6. “Reversed Order”. Don’t reverse the natural order of words just to create a rhyme. Country lyrics should be conversational. If you wouldn’t speak it quite that way,, unless your only listener will be Yoda, don’t write your country lyric that way.
While hardly comprehensive, this list will help get your lyric on the right track- b.e. watson
When you write a new song you automatically have an intangible, yet potentially valuable, right called “the right of first release.” It simply means you have the right to determine the when, where and who of the song’s first public release.
After that first public release that right is forever lost. From that point on it’s open season. Anyone who wants to record the song after the initial release can simply notify you of their intention and request that a mechanical license be issued. You do not have the right to refuse that request. If you fail to honor it, and they have proof they requested a license but were ignored, they can proceed without it, and if you pursue them, pay you at that point.
You have the option to grant a license for up to 10.000 copies with a small sum paid in advance to cover the first 2,000 copies downloaded or sold. The current statutory rate is 9.1 cents per copy so it totals $182.00. Get it, if it’s an independent release it may be your only payment from that version.
Yes, this means if you are a singer and want to record a cover of a hit song by a famous artist you may do so provided you obtain the mechanical license.
Giving up your right to first release can affect your options later. It may limit the number of outside artists who will be interested in your song. If you have a “big name” artist interested, but a less popular artist releases it just prior, the big name may lose interest. That situation isn’t common, just possible; many songs have a first release plus multiple covers by many different artists. Some songs have been recorded by hundreds of artists.
Also rare but possible, a music publisher may decide to pass on signing a song that doesn’t have the right of first release attached- b.e.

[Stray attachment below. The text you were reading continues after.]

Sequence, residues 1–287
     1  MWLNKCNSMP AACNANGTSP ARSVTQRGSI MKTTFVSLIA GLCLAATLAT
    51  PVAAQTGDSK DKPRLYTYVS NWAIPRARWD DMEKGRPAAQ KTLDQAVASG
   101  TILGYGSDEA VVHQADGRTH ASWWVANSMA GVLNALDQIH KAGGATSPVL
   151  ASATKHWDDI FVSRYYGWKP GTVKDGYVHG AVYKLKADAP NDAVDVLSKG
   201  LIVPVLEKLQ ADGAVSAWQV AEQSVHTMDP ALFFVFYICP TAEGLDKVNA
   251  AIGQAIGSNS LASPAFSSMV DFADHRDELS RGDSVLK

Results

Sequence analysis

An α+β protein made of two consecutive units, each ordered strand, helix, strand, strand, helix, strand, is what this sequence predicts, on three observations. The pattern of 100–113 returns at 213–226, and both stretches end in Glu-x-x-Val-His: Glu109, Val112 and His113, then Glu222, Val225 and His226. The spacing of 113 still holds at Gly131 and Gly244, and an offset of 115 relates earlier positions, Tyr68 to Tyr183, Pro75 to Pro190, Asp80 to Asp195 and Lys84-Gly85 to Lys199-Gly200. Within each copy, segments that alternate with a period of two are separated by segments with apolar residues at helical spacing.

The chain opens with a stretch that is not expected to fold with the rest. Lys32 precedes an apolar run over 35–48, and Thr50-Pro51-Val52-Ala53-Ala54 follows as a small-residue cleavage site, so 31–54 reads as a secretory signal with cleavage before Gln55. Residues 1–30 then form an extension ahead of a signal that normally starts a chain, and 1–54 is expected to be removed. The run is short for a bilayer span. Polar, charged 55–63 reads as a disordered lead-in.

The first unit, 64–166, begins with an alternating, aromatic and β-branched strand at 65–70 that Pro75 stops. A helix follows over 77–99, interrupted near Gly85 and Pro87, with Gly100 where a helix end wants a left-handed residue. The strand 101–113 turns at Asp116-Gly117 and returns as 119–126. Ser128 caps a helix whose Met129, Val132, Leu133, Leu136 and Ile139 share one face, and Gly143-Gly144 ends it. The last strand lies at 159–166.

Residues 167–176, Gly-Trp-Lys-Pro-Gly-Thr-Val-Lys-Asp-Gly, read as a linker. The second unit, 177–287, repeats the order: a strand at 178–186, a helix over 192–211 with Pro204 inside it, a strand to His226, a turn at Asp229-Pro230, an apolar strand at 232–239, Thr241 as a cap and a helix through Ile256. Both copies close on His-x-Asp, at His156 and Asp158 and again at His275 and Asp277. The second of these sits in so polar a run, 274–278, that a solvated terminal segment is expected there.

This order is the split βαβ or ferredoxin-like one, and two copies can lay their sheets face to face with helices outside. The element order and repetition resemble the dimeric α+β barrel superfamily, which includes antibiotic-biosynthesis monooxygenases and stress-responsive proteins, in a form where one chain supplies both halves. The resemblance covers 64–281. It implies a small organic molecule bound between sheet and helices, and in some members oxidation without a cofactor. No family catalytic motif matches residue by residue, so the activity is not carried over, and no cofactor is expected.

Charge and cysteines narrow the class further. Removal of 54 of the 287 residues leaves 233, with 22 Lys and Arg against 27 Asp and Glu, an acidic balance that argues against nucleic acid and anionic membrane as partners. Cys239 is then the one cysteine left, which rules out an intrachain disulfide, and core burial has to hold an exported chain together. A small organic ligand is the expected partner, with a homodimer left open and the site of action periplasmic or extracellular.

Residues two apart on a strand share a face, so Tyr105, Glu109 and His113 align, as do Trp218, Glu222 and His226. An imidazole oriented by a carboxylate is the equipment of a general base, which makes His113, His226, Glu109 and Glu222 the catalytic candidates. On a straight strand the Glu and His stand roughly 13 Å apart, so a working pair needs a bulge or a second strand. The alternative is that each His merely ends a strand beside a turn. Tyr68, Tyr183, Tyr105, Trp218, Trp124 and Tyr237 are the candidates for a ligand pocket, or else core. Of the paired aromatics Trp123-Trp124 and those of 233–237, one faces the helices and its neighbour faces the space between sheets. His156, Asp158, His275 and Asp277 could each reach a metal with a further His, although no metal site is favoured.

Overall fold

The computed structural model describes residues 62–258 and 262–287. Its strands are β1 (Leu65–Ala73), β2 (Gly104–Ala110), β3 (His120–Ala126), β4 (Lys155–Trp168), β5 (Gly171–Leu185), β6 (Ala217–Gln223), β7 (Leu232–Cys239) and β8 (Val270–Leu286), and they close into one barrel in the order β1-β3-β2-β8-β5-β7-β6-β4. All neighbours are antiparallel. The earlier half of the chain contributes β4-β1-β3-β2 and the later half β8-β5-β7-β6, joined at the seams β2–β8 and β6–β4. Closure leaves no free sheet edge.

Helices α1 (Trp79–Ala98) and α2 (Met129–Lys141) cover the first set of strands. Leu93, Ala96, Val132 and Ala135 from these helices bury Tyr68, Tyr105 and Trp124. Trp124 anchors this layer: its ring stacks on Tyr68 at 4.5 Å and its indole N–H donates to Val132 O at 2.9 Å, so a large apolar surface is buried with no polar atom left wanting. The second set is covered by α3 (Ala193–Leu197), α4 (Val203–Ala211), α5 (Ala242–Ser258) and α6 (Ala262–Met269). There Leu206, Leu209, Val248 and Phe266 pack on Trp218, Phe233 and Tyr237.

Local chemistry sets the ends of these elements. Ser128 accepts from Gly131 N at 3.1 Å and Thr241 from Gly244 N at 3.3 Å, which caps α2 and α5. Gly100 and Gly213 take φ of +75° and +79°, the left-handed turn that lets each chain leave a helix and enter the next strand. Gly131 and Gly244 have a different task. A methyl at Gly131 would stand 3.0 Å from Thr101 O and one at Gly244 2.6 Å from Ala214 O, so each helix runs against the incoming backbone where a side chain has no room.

Just a few quick tips gleaned from working with the church band the last few weeks that will help you when writing Contemporary Christian rock songs. There are several elements that are common to them you might keep in mind as you write:
1. They tend to follow the intro, verse, chorus, verse, chorus, bridge, chorus format.
2. They frequently present a twist on that format: A chorus upfront. Or perhaps an instrumental interlude appears very early in the song and again just prior to the bridge or final chorus. Or a chorus or a bridge repeats many times more than you might in a secular tune aimed at getting radio airplay, this is usually in a worship song at a medium or slow tempo.
3. There are Christian songs and there are worship songs. The lyric in a worship song focuses on worship God in a personal way, i.e., “You are The King, the savior, you are the glorified one.”
4. The chords tend toward simple four chord progressions but an amazing number use the tonic, a.k.a. the 1 chord, followed by the 5 chord with the bass playing the third of that chord instead of the root, then on to the relative minor (E, B/D#, C#m) or (G, D/F#/ Em) to give two examples. In the Nashville Number System it’s the 1, 5/7, 6- progression.
The “Glorify You Alone” video above utilizes that very progression as well as several other tips presented in this post.
5. The lyrics tend to be simple, there aren’t many CC rock tunes that feature wordy lyrics or complex concepts. One exception to that is the lyrical masterpiece “He Loves Us” (Jesus Culture, David Crowder Band and others) with it’s lines like this in the Jesus Culture version: “And Heaven meets earth like a sloppy wet kiss and my heart turns violently inside of my chest.”
6. The bass line and drum chart often create the dynamics of the arrangement, which typically builds as the song progresses. In some songs, the build reaches an apex then quiets up at the end, some songs plow right on through at full tilt, apex to end.
7. The bass guitar lays out a lot. It might stay out until the chorus appears or even until the second chorus. Sometimes, even in a chorus or verse where you’d normally expect it to continue, the bass and drums drop out, then drums play alone, then the bass comes in to provide power, maybe thumping quarter notes then going to eighths and the bass/drums really drive the song hard at that point.
7. Thumping out eighth notes on bass is very common, especially at tempos around 80 beats per minute, but it can occur at any tempo anywhere the lyric gets intense and emotional. Sometimes it’s “pound out 8ths” beginning to end with just a few runs tossed in here and there.
“Glorious” by B.J. Putnam is 145 BPM and most of the choruses are driven by 8ths while verse 1 is whole notes and V2 does a cool little delayed scale walk starting on the “&” of beat 2.
Although you can write your song on acoustic guitar and let the musicians on the demo provide some of the elements discussed here, as well as decide where they should happen, I believe envisioning, or “hearing” how it will sound in regards to dynamics- where does the supporting music stay quiet and where does it get huge- can positively affect the lyric writing process- B.E. Watson